This month we have a lot of high quality writing. And it covers a lot of ground — front end frameworks, Node.js, npm security, machine learning and more. We'll kick things off with a look at which projects have been the most popular over the past year...
Another surprise for me was the strength of Preact. It had almost as many new stars as Angular. It’ll be interesting to see where things land next year.
Burke Holland wrote this article and it's loaded with great tips on getting the most from Visual Studio Code. I switched to VS Code a few months ago from Atom and love it. It’s so good I almost forgive Microsoft for all the years I’ve spent hacking around Internet Explorer.
Gatsby is freakin’ great and should be used more often. It’s not right for every project — for example those that need authentication. But if it’s a fit, you get a great developer experience and a really, really fast site.
You can also use it as a decoupled front end. Write your content in WordPress, Drupal or Contentful (among others) and publish with Gatsby. 🎯
A lot of discussions of front end frameworks begin and end with the “Big Three” — React, Angular and Vue. That’s too bad because there are some fantastic alternatives, particularly if performance is your top consideration. In this article, I introduce you to three frameworks that are excellent choices — two of which are easy for React developers to pick up.
I thought this article was a bit scary. It’s a look at how incredibly vulnerable npm packages can be. But it’s not all doom and gloom. Author David Gilbertson ends with solid advice on building more secure applications. He’s followed this article up with part two, How to Stop Me Harvesting Credit Card Numbers and Passwords from Your Site. Highly recommended.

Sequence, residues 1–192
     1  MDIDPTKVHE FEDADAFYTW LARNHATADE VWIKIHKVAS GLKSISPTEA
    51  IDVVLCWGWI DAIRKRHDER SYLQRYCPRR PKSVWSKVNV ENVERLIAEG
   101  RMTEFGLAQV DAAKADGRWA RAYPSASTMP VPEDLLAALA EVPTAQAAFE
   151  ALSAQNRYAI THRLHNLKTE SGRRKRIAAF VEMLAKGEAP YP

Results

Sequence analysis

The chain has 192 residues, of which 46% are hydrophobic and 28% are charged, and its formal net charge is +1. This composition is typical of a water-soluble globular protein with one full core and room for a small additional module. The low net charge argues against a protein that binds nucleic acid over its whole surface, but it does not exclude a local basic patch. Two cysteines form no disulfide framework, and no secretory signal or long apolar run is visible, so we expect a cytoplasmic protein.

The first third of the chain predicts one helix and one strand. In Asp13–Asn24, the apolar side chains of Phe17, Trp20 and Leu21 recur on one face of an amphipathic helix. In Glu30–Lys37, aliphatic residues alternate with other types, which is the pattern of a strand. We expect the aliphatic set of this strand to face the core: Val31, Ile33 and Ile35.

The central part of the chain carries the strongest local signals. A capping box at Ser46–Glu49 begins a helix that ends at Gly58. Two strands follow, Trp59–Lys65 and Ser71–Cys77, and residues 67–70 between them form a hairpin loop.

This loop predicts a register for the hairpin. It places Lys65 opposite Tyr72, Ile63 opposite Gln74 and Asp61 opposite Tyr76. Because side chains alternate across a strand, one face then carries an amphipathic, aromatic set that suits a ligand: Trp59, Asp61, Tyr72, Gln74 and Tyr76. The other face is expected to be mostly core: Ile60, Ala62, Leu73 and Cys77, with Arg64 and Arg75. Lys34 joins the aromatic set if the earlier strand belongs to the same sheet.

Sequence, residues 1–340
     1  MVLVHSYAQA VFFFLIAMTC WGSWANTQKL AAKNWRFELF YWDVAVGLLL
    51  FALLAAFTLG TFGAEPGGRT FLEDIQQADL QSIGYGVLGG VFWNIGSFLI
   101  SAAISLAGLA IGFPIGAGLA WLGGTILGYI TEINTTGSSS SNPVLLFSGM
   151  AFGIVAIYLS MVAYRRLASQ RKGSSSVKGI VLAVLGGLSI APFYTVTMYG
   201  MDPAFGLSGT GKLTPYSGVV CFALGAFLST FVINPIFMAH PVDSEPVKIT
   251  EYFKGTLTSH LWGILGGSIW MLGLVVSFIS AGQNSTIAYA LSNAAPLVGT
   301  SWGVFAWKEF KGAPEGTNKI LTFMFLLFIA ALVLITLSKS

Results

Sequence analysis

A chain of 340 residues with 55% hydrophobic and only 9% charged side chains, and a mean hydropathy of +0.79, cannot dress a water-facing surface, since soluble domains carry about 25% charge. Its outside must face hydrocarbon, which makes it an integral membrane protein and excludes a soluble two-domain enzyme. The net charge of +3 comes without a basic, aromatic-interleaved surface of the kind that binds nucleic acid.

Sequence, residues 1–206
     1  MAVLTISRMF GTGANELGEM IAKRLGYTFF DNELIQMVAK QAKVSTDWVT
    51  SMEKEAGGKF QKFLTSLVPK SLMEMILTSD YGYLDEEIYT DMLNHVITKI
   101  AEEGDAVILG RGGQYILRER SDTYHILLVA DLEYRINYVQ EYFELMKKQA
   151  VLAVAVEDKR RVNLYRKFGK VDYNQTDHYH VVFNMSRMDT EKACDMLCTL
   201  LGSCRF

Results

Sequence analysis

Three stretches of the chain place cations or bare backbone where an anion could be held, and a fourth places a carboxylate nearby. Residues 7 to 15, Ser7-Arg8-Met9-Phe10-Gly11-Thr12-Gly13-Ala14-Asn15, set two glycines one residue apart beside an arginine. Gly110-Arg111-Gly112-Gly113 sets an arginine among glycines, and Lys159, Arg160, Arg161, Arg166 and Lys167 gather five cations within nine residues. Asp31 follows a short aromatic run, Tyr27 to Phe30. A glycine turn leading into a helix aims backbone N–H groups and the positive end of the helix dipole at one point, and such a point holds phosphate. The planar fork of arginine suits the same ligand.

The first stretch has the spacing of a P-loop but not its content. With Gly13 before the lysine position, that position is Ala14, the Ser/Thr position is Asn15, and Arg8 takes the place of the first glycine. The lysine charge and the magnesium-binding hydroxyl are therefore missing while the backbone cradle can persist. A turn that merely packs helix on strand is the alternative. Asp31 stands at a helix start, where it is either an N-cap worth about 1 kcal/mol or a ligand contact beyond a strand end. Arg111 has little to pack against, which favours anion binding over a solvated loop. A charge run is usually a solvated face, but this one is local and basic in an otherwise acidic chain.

Building a boilerplate is a fantastic learning experience. There are great CLI tools that help you get started building applications quickly — Create React App, for example — but what happens when you need to understand how it’s all put together? Consider making a boilerplate for yourself, even if you don’t end up using it.
If you’d like deeper insight into how React works, this article from Gurusundesh Khalsa is a great place to start. He walks readers through the process of building a simplified, “mini React” clone. Good stuff.
You may not have heard about Sapper, but it’s really great. It’s built on top of the Svelte library and makes it easy to build very lightweight, very fast websites. If you like the way Vue works, it’s another good reason to check this framework out.
State machines sound kind of complicated and scary. However, Jean-Paul Delimat does an outstanding job of explaining how, when and why you might want to use them in your React applications. Also, not scary at all.
My favorite tip is to use the
displayName property for debugging. Say you have multiple instances of a component, for example a form input. You can set the
displayName to easily tell them apart in DevTools. 👍
Until next time, happy coding…